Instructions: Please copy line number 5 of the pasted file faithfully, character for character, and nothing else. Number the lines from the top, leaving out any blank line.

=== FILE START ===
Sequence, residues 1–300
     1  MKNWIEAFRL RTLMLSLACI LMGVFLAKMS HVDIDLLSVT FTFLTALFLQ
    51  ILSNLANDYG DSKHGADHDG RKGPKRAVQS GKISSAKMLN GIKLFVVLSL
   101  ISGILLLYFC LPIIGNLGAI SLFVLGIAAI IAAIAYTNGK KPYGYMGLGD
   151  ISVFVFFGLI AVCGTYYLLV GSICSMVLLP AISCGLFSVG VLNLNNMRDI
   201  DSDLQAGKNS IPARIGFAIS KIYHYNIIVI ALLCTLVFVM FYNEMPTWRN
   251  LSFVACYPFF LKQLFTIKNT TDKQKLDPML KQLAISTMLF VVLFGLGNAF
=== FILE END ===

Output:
   151  ISVFVFFGLI AVCGTYYLLV GSICSMVLLP AISCGLFSVG VLNLNNMRDI